For years, I’ve been hearing about how Spanish wines in general, and cava in particular, are good values. And every time I hear that, I can’t help but think about that line by Inigo Montoya from The Princess Bride: “You keep using that word. I do not think it means what you think it means.”
To me, cava has been synonymous with harsh and bitter—something I wouldn’t even combine with orange juice for a mimosa. I think I may have discovered the problem: I suspect all of these cavaphiles are drinking their 8€ value cava in Spain! By the time the cava they don’t drink in Spain reaches our shores, we’re drinking something less than optimal. That is until recently. Independent cava producers in Spain are joining together and doing to cava what Italy did to chianti in the 1990s: bringing cava worth drinking to a broader audience.
A few quick notes about cava. Most cava is produced in the Penedès region of Catalonia with three traditional grape varieties: macabeo, parellada, xarello, and using the méthode champenoise. Some add other grapes, but unless you specifically want a rosé, I’d stick with the traditional varieties (more on that, later).
There are three levels of cava (based on age): Cava, Reserva, and Grand Reserva. You can tell what level you have based on the control mark on top of the foil. White for Cava, green for reserve (aged a minimum of 15 months) and black for grand reserve (aged a minimum of 30 months). It ranges from brut nature (the driest) to dulce (the sweetest) in sweetness. Like champagne, cava (or at least good cava) has a nutty, yeasty flavor in addition to any other notes the particular bottle may impart.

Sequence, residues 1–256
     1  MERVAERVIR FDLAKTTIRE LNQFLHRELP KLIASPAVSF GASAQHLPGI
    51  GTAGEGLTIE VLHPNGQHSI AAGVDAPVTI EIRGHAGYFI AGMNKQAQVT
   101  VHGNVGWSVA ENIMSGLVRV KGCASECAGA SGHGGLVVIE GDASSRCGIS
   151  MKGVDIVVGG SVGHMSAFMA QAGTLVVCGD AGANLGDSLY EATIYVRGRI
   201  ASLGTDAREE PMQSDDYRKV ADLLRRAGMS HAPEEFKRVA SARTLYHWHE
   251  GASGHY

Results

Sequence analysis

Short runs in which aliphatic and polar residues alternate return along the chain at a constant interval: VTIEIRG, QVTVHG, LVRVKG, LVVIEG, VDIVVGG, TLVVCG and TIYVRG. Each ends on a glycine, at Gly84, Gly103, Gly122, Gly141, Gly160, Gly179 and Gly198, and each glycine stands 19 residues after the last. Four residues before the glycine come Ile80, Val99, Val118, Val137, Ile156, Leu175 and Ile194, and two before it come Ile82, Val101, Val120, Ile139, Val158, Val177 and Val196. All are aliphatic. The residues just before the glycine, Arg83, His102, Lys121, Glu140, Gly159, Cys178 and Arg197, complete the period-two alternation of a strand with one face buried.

Unlike champagne, cava pairs a bit more readily with a variety of foods, especially Spanish foods from the Catalan region. Unless, that is, you try to muck it up by adding chardonnay. Then, rather than having a well-balanced wine from the region, you might as well and go buy an $8 no-name sparkler. We ran our cava through the paces with not just local cheese, but tête de moine, jamon iberico, sausage and fruit, as well as seafood (including fideuà). The reservas we tried were the most versatile, and at around 8-10€ per bottle, the best values. Here in the states, if you pay attention you can get an excellent bottle for $10-$15. Indeed, as I write this, I’m enjoying a simple, $11 dollar bottle of cava with some aged gouda. Perhaps not the extreme value you find in Spain, but a better value than French champagne by far, and even better than California or Argentinian sparkling wines.
Just make certain that you get cava using traditional grapes and made in the traditional method. Avoid the mass-produced stuff like the plague until they figure out that quality matters. Pick up a bottle (or 6), some good food, and give cava a whirl. And ¡buen provecho!